It can be a case of mistaken identity if you go by your first impressions of the capital city of India Delhi. Behind all the frantic and frenzy of a modern city there lies a serene peace which is an integral part of Delhi. A city of dynamic contrasts and colors, Delhi is deep with history and rich with culture. As corollary to all these, tourism in Delhi is fast increasing. A travel to Delhi will cast an irresistible spell of charm to the tourist. Both 'Old' and New Delhi exert a beguiling charm on visitors. Explore Old City and get immersed in the Mughal past. Stroll down the labyrinthine streets of Old Delhi before coming out in the lush boulevards of imperial New Delhi, with its planned governmental offices and tree-lined avenues. Apart from being the capital of India, Delhi is also the travel point for visitors from overseas. It's an excellent base for visiting Agra and the Taj Mahal, and the chivalrous land of Rajasthan. If you're planning to immerse yourself in the breathtaking scenic beauty or adventure activities in the lap of the Himalayas or east to the ghats of Varanasi, Delhi is the most appropriate base. Bounded by the state of Uttar Pradesh and on three sides by the state of Haryana, Delhi is located at the western end of the Gangetic Plain. A great tourism destination, a travel to Delhi will give you two cities for the price of one. 'Old' Delhi, the capital of the Mughal India between the mid-17th and late 19th centuries, is full of forts, great mosques and monuments. It's a lively area of narrow streets and colorful bazaars. In contrast, New Delhi, the imperial city of the British India, is replete with generous leafy avenues and impressive government vistas, and has a sense of order absent from other parts of the city. Though extensive in area, the city is easy to navigate. The commercial hub of Delhi is Connaught Place, where you'll find most of the offices of travel agents, tours operators, banks and airlines. 'Old' Delhi is two kilometers north of Connaught Place, and its main thoroughfare is Chandni Chowk. Paharganj, near New Delhi Railway Station (budget), and Janpath, on the southern side of Connaught Place (budget and mid-range). Are the two main centers for accommodation. There are a number of art galleries, cinemas, theatres and performing arts center around Connaught Place. Though nightlife is strictly curtailed in Delhi, now-a-days process is on to make licensing laws more flexible.

India Gate

Built as a memorial to commemorate the 70,000 India soldiers killed in World War I, India Gate was designed by Sir Edwin Lutyens and completed in 1931. Built from sandstone, the arch also houses the Eternal Flame, a gesture in memory of the Indian soldiers who laid their lives in the 1971 war with Pakistan.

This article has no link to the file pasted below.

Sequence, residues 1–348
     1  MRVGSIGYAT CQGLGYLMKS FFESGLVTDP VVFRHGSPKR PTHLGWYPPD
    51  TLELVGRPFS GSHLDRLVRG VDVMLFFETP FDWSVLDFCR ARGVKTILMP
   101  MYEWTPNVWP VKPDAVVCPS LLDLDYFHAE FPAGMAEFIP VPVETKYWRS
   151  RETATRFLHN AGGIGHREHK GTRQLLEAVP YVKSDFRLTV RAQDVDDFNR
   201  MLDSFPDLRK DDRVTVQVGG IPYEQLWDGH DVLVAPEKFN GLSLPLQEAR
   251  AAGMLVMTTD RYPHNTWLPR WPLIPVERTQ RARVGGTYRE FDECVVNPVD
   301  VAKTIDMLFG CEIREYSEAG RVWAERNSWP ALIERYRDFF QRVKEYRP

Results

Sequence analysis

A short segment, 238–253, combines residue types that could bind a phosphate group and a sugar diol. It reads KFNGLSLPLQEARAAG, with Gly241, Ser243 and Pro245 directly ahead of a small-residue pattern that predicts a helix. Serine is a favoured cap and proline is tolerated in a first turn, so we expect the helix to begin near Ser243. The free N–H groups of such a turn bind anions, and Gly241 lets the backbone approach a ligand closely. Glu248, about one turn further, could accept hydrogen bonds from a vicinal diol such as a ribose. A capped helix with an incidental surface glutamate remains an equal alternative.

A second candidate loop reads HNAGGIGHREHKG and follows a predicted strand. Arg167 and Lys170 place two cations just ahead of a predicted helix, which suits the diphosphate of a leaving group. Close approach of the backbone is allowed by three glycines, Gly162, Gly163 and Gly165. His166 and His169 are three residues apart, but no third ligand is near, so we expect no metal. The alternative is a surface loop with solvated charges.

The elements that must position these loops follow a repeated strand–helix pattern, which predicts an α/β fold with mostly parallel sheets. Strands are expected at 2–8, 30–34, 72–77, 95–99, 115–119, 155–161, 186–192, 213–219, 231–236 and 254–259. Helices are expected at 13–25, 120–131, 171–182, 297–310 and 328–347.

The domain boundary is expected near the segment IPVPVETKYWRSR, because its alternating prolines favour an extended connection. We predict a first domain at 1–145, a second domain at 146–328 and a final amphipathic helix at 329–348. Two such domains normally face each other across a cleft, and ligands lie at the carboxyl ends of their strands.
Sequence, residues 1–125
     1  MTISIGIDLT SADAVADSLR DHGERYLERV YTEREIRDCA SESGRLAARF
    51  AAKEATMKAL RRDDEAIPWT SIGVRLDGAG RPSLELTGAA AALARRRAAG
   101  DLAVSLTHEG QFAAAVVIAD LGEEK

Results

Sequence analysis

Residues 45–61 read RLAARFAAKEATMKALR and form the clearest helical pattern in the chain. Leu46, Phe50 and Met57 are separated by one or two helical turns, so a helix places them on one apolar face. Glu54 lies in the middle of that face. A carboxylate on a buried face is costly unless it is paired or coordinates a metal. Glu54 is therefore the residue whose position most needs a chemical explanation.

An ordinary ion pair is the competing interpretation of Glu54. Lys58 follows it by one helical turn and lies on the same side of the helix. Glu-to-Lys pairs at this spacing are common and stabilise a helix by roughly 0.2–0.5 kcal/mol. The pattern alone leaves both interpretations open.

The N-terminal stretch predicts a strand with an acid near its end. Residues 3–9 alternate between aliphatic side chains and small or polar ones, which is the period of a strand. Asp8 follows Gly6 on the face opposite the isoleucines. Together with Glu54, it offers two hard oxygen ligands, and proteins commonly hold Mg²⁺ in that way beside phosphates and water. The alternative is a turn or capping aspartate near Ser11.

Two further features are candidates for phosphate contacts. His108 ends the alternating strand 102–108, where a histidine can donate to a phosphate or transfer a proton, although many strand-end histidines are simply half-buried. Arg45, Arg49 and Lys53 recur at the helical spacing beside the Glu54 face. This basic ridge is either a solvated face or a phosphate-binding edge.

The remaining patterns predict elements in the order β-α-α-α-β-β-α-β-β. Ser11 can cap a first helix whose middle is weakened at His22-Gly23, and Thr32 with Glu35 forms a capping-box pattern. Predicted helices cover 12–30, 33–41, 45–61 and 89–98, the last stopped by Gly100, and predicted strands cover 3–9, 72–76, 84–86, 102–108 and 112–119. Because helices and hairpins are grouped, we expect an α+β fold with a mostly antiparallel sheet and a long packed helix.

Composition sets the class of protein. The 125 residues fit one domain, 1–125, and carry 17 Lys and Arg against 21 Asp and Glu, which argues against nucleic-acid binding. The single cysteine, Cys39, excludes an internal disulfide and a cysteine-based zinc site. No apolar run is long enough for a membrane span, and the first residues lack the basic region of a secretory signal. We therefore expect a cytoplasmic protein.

Rashtrapati Bhawan

Formely the Viceregal Lodge, the building is the highlight of Lutyen's New Delhi and was completed in 1929 at a cost of 12,53,000 pound sterling. Located in an area of 130 hectares, the palace has 340 rooms.

Red Fort

So called because of the red stone with which it is built, the Red Fort is one of the most magnificent palaces in the world. India's history is also closely linked with this fort. It was frorth here ht the British deposed the last Mughal ruler, Bhadur Shah Zafar, marking the end of the three century long Mughal rule. It was also fromits ramparts that the first prime. Minister of India, pandit Jawharlal Nehru, announced to the nation that India was free form colonial rule.

Qutub Minar

The origins of Qutab Minar are shrouded in controversy. Some believe it was erected as a tower of victory to signify the beginning of the Muslim rule in India. Others say it served as a minaret to the muezzins to call the faithful to prayer. No one can, however, dispute that the tower is not only one of the finest monuments in India, but also in the world.

Purana Quila

The fort is said to be constructed on the historic site of Indraprastha (900BC) by Humayun and Sher Shah. Covering a circuit of about a mile, the walls of the fort have three gates and are surrounded by a mat fed by the river Yamuna.

Jantar Mantar

At first sight, the Jantar Mantar appears like a gallery of modern art. It is, however, an observatory. Sawai Jia Singh II of Jaipur (1699-1743), a keen astronomer and a noble in the Mughal court, was dissatisfied by the errors of brass and metal astronomical instruments.

Humayun's Tomb

The mughals brought with them a love for gardens, fountains and water. The first mature example of Mughal architecture in India, Humayun's Tomb was built by the emperor's grieving widow, Haji Begum, in 1565 AD.

Jama Masjid

Work on the Jama Masjid mosque was begun in 1650 by the Mughal Emperor Shah Jahan to complement his palace at the Red Fort. More than 5,000 workers toiled for six years to complete the largest mosque in India. Every Friday, the emperor and his retinue would travel in state from the fort to the mosque to attend the congressional prayers.

Safdarjung's Tomb

Representing the last phase of the Mughal style of architecture, Safdarjang's Tomb stands in the centre of an extensive garden.


The mortal remains of mahatma Gandhi were cremated on this spot on the west bank of the river Yamuna on the evening of January 31, 1948.